Makati Means Murals

An apt message in the Dela Rosa overpass for salary men and women in the financial district of an emerging country.
An apt message in the Dela Rosa overpass for salary men and women in the financial district of an emerging country.

MANY PEOPLE MISTAKE my ethnicity. Often they’d think I’m Indian, Indonesian … or Mexican. My response to the latter, or to anyone who asks me about Filipino culture, I usually sum it up in one word: ‘Mexicasian’.

Mexicasian. We’re in the middle of Asia and the bamboo network Chinese have assimilated to the point where many of us have Chinese blood. But we still have an undeniably Latino spirit to us, especially when it comes to the artistic, flashy or vivid ways we celebrate.

That goes for our art too. In the days before It’s More Fun in the Philippines when hardly anyone cared about visiting our country I had always envisioned Manila making its selling point of this by becoming a ‘mural city’ like Mexico City and our other long-lost Latino cousins. And am I glad that, to some extent, this dream is coming true.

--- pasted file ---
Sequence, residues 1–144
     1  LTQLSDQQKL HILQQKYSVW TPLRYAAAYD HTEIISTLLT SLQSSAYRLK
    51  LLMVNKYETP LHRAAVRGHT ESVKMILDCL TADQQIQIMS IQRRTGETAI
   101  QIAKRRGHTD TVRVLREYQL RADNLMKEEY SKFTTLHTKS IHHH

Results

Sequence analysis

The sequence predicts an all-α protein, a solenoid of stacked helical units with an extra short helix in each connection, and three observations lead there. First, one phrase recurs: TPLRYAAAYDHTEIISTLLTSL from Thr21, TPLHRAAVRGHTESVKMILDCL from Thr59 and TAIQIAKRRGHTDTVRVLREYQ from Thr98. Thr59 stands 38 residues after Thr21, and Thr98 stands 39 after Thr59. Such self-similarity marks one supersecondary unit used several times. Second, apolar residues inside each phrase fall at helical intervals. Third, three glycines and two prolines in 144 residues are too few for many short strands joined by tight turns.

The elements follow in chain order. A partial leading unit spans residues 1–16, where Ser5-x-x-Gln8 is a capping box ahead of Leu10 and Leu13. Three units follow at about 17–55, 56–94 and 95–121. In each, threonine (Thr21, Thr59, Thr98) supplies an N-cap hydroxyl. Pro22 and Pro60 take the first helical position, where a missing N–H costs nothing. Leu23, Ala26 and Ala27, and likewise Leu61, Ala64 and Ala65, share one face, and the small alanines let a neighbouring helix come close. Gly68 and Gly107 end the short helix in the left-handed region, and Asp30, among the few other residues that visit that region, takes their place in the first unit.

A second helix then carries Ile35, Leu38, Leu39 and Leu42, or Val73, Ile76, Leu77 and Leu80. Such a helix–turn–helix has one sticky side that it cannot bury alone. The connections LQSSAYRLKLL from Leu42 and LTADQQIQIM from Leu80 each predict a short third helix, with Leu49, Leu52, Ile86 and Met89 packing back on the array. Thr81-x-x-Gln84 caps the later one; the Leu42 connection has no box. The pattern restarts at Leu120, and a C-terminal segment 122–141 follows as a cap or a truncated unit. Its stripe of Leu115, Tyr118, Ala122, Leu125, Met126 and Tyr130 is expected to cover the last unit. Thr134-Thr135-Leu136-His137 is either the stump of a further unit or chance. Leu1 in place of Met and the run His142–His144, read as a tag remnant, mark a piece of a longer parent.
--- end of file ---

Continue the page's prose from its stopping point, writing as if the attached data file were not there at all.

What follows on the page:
Interestingly enough, in contrast to common perceptions of murals dominating slums, they’re popping up everywhere – even in the Makati financial CBD. You’ll see murals in pedestrian underpasses and overpasses, connecting skyscrapers and shopping malls. Which makes the Makati mural a tad different from murals in the rest of Metro Manila – they’re the type that some may call ‘hipster’. But there is still a serious message in them – after all, this is the financial district, where people have their mind on their careers – a big thing for an emerging market with a young population. So maybe the quirky juxtaposition of favela-style murals and ultra-modern steel-and-concrete skyscrapers makes some sense. Or it’s even more appropriate to brighten what would otherwise appear to be the most sterile part of town.

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